Smoke and Urban Lights at LACMA

March 11, 2016  •  Leave a Comment

There are hundreds, if not thousands of ways to photograph one subject. Will they all be great photographs is the question. When I photograph events this especially comes into play because often times once you photograph the same people in the same room for a long period of time you have to push yourself to come up with a new perspective, especially if you are hired for another 4 hours! There are so many factors to consider when taking a photograph. In these four photos I took two photos of the same subject to show how different a subject can look depending on the way it is photographed. 

In the first two shots here at LACMA, Los Angeles Contemporary Museum of Art, Chris Burden's Urban Light is photographed using a 16mm lens with two entirely different perspectives. In the vertical shot the lamps are distorted and the shadows create an interesting continuation from the ground up. The palm trees add drama and the blue sky adds beauty and depth, a strong gradient.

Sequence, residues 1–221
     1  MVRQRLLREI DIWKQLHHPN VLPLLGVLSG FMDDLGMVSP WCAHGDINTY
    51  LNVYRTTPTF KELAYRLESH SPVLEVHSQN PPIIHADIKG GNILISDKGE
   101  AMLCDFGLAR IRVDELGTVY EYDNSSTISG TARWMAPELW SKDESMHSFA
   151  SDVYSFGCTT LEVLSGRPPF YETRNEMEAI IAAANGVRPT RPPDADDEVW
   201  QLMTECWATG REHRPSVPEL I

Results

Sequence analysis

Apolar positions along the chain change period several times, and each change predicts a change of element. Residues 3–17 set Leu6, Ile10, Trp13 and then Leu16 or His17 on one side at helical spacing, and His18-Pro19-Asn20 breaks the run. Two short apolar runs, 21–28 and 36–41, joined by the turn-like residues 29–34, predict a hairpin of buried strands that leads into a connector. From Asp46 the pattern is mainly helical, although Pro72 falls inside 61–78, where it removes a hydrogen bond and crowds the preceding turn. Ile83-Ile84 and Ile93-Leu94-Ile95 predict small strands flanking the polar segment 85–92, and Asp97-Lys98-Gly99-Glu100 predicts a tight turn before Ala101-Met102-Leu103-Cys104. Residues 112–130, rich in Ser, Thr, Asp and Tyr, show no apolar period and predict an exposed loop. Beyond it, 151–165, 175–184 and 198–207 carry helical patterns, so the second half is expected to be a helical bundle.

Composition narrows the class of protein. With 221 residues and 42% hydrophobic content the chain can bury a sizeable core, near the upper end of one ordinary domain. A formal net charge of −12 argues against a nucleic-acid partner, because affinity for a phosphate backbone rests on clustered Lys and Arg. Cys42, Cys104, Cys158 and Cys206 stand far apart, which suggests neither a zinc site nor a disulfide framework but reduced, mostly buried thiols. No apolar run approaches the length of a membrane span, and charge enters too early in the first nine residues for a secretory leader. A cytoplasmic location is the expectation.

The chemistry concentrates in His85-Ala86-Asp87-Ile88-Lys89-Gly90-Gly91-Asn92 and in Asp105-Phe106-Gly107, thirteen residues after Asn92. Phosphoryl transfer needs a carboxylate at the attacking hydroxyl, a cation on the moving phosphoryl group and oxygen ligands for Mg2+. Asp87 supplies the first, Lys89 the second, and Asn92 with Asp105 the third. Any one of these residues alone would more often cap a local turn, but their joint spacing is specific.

The second shot is less abstract but still dramatic with the use of sun flare behind the lamps. The lamps are still mysterious and compete with the palmtrees. It was also shot with the same 16mm lens and includes a rich Los Angeles deep blue cloudless sky.

The second pair of photos are of Tony Smith's sculpture, Smoke, also at LACMA. Here the difference is less dramatic but shows how moving over a few inches totally changes the perspective of the sculpture. Also take note of how the people in the photos add to the photo or take away the attention of your eye from the sculpture depending on their placement.


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